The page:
5 Best Old Erotic Movies

Lest you think sex in movies started with 1992’s “Basic Instinct,” consider this list of the 5 best old erotic movies. In earlier generations, people looked to the movies to reflect contemporary attitudes about love and sex, just as they do today. These films are indicators of the passions of their times, and some of them are pretty darned hot even by modern standards.

  1. “Ecstasy.” A very modern film made in 1933, when future Hollywood legend Hedy Lamarr was still Czech actress Hedy Kiesler. Sultry Hedy swam nude, frolicked with a lover, and enjoyed what may be the first female orgasm captured on film (she swore she faked it). Hedy went on to a long Hollywood career, while the film was banned in America for seven years, and not shown in its complete form for decades.
  2. The Blue Angel.” Marlene Dietrich set new standards for sultry with her role in this 1930 German import. Dietrich became an international star in her role as Lola Lola, a cabaret singer who destroys the professor who’s obsessed with her. The Hays censorship code came into effect a few years later, and American audiences would not see another film as unapologetically sexy as this one for decades.
  3. “The Seven Year Itch.” Lucky Tom Ewell is tempted by sexy upstairs neighbor Marilyn Monroe while his wife is out of town on a hot holiday weekend. Monroe sums up the sexual longings of a generation by stepping over a subway grate and letting her skirt fly where it may. Racy for the time, still sexy now, the scene became a pop-culture touchstone. After 1955, cinema sex would never be the same.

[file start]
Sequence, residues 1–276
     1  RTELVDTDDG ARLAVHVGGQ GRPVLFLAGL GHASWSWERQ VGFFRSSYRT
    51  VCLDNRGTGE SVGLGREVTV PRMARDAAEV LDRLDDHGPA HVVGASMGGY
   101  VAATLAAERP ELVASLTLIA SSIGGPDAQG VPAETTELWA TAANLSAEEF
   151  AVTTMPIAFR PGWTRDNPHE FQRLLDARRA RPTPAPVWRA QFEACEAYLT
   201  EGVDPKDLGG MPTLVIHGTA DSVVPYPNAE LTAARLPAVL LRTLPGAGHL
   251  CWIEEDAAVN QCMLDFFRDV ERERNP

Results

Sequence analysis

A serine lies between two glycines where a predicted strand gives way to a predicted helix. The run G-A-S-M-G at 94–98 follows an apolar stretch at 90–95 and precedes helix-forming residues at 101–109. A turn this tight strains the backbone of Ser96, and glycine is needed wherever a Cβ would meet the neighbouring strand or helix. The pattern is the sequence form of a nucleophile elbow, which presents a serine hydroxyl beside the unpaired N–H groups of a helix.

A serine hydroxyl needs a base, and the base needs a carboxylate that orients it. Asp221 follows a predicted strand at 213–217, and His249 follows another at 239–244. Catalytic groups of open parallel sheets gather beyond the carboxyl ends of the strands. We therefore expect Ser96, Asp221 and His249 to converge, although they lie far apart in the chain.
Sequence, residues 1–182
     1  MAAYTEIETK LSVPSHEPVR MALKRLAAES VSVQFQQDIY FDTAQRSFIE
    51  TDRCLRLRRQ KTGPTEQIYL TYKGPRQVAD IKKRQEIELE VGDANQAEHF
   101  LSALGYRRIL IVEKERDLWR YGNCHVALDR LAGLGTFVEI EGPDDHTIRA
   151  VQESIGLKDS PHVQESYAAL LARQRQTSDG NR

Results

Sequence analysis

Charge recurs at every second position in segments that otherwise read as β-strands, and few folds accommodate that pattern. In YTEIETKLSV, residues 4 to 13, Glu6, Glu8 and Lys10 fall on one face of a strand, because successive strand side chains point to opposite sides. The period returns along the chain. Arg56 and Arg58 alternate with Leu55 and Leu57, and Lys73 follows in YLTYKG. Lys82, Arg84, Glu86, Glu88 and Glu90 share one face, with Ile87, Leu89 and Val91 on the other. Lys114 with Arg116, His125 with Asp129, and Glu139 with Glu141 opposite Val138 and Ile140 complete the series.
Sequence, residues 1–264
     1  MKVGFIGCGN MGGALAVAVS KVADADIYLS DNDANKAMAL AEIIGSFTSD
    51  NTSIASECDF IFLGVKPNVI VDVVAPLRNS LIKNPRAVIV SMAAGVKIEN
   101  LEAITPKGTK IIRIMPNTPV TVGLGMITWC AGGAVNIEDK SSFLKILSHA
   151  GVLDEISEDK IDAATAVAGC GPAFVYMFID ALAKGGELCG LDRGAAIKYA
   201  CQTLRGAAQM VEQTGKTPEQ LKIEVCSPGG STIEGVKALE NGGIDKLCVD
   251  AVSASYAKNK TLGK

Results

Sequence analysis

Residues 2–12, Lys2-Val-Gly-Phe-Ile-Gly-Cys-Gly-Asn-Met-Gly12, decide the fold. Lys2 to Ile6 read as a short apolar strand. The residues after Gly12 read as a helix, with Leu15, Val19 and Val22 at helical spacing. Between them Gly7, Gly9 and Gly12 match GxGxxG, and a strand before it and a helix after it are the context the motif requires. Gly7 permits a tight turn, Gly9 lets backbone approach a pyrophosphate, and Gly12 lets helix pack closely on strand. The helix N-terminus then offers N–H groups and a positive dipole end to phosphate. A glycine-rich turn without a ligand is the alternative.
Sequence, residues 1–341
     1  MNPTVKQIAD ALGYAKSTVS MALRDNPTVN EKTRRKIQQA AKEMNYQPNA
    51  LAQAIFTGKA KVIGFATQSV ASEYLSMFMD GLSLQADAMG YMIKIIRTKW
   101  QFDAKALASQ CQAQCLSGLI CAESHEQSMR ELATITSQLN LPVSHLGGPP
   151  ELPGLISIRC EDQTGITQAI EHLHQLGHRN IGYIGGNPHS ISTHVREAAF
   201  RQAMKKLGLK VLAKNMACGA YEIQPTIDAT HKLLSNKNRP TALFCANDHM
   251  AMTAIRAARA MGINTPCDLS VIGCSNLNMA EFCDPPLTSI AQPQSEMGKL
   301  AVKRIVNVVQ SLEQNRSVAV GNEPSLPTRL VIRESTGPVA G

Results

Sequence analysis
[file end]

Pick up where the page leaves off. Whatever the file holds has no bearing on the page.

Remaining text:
4.  “Barbarella.” Jane Fonda reinvented her own image in this 1968 live-action adaptation of a sexy French comic strip. As space-faring Barbarella, Fonda found herself in one scantily-clad situation after another, which she played as straight as any queen of camp. The will-she-or-won’t-she dynamic is only one factor that made this into a cult classic.
  5. “Last Tango in Paris.”Bernardo Bertolucci’s Oscar-nominated film pushed the envelope of what was permissible in 1972. Marlon Brando and Maria Schneider’s passionate lovemaking set new standards in cinematic sex, while exploring two characters who were desperately unhappy. The volatile combination inspired controversy, a huge box office, and critical acclaim. Critic Pauline Kael said, “This is a movie people will be arguing about for as long as there are movies.”

 

 

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